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Japan: Is the DPJ the party of economic reform?

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In Brief

The DPJ’s recent policy positions on agriculture raise doubts that it can be the party of economic reform. Not only has it backtracked on its own reform proposals; it has also actively undermined reforms being attempted by the LDP-led government since 2007.

As one of Japan’s chief laggard industries, agriculture is ripe for reform. Greater efficiency at home combined with more imports would lower food prices, thereby raising the real income of consumers. At the same time, agricultural reform has important implications for trade policy, particularly for a WTO agreement as well as for Japan’s Free Trade Agreements (FTAs) with Asia-Pacific partners.


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Retrograde influence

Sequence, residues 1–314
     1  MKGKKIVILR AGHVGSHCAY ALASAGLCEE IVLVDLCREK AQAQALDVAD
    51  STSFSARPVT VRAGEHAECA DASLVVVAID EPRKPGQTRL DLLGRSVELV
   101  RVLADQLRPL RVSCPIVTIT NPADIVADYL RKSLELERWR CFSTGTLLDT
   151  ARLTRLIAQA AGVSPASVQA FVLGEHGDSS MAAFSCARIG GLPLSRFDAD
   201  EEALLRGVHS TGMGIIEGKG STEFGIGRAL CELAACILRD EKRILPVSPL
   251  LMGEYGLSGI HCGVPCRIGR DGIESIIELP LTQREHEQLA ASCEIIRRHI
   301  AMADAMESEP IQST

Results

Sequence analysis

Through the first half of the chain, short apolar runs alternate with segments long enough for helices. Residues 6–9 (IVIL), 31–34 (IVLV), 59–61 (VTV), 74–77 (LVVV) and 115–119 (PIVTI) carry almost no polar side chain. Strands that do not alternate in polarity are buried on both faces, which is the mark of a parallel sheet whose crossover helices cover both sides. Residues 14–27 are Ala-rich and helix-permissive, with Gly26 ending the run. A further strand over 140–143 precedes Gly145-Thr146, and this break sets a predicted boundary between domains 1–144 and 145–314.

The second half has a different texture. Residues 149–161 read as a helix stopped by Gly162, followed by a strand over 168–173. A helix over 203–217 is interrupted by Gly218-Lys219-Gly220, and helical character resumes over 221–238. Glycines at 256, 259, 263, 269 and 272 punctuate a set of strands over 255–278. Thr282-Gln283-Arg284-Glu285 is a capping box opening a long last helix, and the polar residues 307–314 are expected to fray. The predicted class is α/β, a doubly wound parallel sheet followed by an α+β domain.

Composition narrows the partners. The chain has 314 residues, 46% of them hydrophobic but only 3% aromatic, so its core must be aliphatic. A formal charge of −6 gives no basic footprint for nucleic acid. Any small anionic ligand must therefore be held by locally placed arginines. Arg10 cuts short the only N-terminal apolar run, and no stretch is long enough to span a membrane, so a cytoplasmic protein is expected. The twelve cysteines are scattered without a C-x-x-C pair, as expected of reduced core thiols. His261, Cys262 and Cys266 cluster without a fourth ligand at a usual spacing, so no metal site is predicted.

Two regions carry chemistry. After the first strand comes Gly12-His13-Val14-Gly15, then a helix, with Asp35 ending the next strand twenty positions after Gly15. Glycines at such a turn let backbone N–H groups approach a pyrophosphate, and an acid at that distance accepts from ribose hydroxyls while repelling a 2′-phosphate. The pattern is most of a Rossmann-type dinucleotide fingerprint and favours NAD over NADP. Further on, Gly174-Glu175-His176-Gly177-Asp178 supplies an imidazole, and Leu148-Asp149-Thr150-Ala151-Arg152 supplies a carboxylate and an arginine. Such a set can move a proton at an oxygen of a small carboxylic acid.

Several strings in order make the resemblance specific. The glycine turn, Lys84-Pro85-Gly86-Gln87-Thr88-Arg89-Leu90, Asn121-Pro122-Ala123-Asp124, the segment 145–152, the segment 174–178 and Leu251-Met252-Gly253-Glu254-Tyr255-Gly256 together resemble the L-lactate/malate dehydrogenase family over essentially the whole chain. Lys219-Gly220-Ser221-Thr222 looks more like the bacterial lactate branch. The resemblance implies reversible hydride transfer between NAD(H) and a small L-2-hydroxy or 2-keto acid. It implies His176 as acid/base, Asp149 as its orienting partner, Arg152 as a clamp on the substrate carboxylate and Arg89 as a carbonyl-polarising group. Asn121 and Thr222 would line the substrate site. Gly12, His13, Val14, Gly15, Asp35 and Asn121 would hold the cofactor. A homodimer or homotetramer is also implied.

The DPJ’s search for the rural votes indispensable to a Lower House majority has guided its stance on farming. As in 2007, its 2009 election manifesto proposes ¥1 trillion (US$10 billion) in direct income subsidies to all commercial farm households regardless of size. The government’s more selective plan had excluded small farms in order to increase farm size and achieve economies of scale. Outbidding the government was part of a strategy to buy farm votes and undermine rural support for the LDP. The LDP criticised the DPJ plan as baramaki (scattering money), but it got the DPJ what it wanted: votes. The LDP’s rural losses were primarily responsible for its defeat in the 2007 Upper House election. The DPJ’s successful tactic directly led the LDP government to backtrack on its own modest steps toward reform. In the wake of the election, the government’s own direct subsidy scheme was dramatically revised to make more farmers eligible to receive direct income subsidies, including small-scale farmers.